|Table of Contents
Personal and Professional
Honors and Memberships
ReOrient: Global Economy in the Asian Age
Essays on NATO and Kosovo, 1999
Andre Gunder Frank
On Studying the Cycles in Social Movements
|Paper prepared for the Conference on "Movimientos Cíclicos y Recurrencias en
Poltica y Economía" sponsored by Fundación Pablo Iglesias, Madrid May 18-21, 1992. This
paper incorporates but substantially expands on the section on cycles in our "Civil
Democracy: Social Movements in Recent World History" in Transforming the
Revolution:Social Movements and the World-System by S. Amin, G. Arrighi, A.G. Frank &
I. Wallerstein [New York: Monthly Review Press 1991.]
Sidney Tarrow (1991b:11)
The author of among the most outstanding of the "few" studies on cycles of social/protest movements (Tarrow 1983, 1991a,b) answers his own question: Because they are a moving target, they interweave with institutions, and there are problems with "the way they have been conceived and studied" (Tarrow 1991b:11). We can agree that there are such conceptual problems in the studies of "cycles" of social/protest movements, including those by Tarrow himself.
To help clarify these problems, we should distinguish and seek to answer the following different questions:
The answers to these and other related questions are less than clear in the writings of Tarrow and other students of social/protest movement cycles. Tarrow himself hardly distinguishes between the first two questions and never poses the third, at least regarding the cycles of movements. He answers negatively to the 5th question about social movement cycles responding to economic or other "external" cycles. Instead, Tarrow's explanatory efforts are in terms of the 4th questions: He seeks - but we think partly fails - to explain cycles in and of social protest movements through the "political opportunity structure" [POS] generated by and in the mostly political institutions within wich the social movements rise and decline.
Sometimes, indeed mostly, Tarrow speaks to the first question; and he answers it affirmatively, that social/protest movements do have life cycles of their own. Here and there, he refers to the second question and/or refers us to others who have identified recurrent cycles of movements. Tarrow (1991a,b) suggests that social movement [SM] cycles are like business cycles. However, his analogy is NOT well taken. SM cycles are like a "life cycle" of upward, peak, downward, which of course most all SMs do have. So do business cycles. But that is NOT the important and interesting cyclical aspect of Sms or of business cycles. The important aspect of business cycles is that the upper and lower turning points are endogenous to/in the system in which they occur and/or that the up leads to the down and the down leads to the up. That does happen in Tarrow's treatment of BCs, and THAT is why they are cycles; but it does not happen in his treatment of SM "cycles."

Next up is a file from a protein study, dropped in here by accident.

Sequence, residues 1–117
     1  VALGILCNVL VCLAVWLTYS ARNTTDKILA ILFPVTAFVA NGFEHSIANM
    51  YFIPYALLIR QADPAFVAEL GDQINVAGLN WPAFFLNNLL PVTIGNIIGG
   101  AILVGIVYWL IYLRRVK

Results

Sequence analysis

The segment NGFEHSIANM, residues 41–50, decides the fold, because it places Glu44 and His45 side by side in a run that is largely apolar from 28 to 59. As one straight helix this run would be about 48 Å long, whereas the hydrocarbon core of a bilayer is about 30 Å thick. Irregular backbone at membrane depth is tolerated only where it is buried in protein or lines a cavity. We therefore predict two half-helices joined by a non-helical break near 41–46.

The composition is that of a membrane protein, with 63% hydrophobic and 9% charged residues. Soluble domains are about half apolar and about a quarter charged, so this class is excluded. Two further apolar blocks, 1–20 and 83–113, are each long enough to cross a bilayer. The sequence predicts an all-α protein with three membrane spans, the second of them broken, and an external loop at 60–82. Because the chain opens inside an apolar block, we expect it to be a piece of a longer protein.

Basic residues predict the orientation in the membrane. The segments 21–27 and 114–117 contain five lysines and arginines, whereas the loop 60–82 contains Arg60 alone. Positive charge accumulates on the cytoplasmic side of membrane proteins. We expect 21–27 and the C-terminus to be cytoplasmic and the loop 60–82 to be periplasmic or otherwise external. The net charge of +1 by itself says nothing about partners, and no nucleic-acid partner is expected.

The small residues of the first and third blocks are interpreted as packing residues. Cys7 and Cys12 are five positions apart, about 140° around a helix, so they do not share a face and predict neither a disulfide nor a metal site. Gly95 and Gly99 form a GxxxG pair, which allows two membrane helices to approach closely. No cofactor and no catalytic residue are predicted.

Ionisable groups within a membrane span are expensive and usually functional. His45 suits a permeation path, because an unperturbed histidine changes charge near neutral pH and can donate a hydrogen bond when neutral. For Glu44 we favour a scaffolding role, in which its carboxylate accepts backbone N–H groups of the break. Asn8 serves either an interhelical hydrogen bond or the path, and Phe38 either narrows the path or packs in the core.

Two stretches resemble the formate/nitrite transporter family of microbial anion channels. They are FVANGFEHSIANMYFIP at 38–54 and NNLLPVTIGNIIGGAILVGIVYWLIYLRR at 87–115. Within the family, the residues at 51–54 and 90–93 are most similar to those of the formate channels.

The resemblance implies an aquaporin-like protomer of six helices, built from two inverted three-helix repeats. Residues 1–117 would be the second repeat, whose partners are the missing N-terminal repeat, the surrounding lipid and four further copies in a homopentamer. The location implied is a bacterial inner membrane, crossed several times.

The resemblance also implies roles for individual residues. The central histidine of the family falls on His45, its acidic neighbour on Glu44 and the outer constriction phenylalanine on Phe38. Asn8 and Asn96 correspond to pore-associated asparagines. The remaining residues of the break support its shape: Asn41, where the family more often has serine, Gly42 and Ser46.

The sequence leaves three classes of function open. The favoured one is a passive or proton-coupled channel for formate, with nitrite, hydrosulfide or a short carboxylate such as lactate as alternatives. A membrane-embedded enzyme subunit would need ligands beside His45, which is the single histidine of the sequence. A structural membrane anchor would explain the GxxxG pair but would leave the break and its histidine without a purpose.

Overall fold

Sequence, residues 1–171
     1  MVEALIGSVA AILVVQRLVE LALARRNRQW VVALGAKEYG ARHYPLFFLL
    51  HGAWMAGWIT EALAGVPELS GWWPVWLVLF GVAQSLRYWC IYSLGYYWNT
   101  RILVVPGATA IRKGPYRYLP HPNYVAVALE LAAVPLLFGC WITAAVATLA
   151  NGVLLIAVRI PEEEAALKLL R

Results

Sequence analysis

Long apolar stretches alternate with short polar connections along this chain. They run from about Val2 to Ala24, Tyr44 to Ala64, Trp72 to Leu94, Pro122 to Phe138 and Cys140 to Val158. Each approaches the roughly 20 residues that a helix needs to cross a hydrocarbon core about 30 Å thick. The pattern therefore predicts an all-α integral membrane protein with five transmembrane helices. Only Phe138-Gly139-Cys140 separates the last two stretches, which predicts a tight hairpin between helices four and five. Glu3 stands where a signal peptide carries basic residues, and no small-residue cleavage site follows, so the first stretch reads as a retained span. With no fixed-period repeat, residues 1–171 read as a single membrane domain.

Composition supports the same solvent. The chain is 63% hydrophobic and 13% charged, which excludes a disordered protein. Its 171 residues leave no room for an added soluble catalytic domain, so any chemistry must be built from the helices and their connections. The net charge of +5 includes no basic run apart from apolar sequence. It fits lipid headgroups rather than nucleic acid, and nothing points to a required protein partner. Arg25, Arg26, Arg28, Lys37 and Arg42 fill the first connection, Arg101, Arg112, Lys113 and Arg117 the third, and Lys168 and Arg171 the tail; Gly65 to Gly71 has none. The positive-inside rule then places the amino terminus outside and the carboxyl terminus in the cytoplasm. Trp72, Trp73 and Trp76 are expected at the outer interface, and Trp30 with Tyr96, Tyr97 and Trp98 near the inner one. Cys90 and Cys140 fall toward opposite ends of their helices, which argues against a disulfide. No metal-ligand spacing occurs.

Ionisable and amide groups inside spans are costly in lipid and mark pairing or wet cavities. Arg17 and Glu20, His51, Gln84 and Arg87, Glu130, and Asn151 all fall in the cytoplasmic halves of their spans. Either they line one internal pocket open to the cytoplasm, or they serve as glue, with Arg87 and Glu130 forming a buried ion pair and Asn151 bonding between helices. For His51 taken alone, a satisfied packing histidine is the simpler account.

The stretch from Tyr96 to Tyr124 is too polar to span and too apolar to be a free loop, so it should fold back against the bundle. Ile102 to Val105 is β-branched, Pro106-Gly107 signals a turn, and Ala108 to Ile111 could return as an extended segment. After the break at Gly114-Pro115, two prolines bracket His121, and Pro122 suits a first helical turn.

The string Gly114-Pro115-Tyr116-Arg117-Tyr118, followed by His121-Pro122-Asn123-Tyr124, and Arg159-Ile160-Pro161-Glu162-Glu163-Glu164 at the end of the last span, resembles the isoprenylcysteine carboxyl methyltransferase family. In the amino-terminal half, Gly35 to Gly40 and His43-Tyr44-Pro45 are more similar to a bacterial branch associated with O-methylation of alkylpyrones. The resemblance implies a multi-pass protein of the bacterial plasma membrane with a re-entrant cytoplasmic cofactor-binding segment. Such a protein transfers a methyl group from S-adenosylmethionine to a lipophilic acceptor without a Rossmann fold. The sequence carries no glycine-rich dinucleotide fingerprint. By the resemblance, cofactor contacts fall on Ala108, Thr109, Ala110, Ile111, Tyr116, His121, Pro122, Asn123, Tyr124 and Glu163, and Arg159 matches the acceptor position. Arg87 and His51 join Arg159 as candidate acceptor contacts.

We can briefly consider the question of the endogeneity or exogeneity of turning points in terms of a discussion of long economic "Kondratieff" [K] cycles, to which we will also return below. In regard to Kondratieffs, Ernest Mandel for instance argues that only the upper turning point is endogenous [that is the up leads to the subsequent down], but the lower turning point is not. If that is true, then the K cycle is not a true cycle. David Gordon and we among others think the lower turning point is probably also endogenous, that is the down also leads to the up of the K cycle, although in recent writings Gordon now seems to distance himself from this view (Frank, Gordon & Mandel 1992). In the Tarrow version of SM cycles, this whole problematique -and therefore the real cyclicalness of SMs - is almost absent. This problematique is present in our treatment of SM cycles below, but it remains not very satisfactorily resolved. The temporal and causative relation of cycles both in and of Sms to K cycles is in dispute and remains unclear. However, if it cannot be unambiguously established that the ups and downs of K waves generate the ups and downs of SM cycles, or vice versa; we must still identify the causative up and down dynamic behind SM waves and downs, or what makes the turning points endogenous and makes the "cycles" repetitive, be these causes in some other -eg. demographic or generational- cycle, or be they internal to SMs themselves, which would make them true cycles.
A number of students of social/protest movements have inquired into the 5th question above, especially with regard to the relations between social movements and long Kondratieff cycles. However, views differ widely. For instance, Frank and Fuentes (1986) and Fuentes and Frank (1988) suggest that social movements are "more numerous and stronger" in Kondratieff B downward phases. Friberg (1987:2) also sees a historical relation "to so called Kondratieff cycles...protest activity being more pronounced during the downturn" and citing 1815-48, 1873-96, 1914-45,"and the economic downturn after 1970." Moreover, Goldstone (1980) suggests that the incidence of social movements' success "seems to depend heavily on the incidence of broad political and/or economic crisis in the society at large" (cited in Tarrow 1986:46).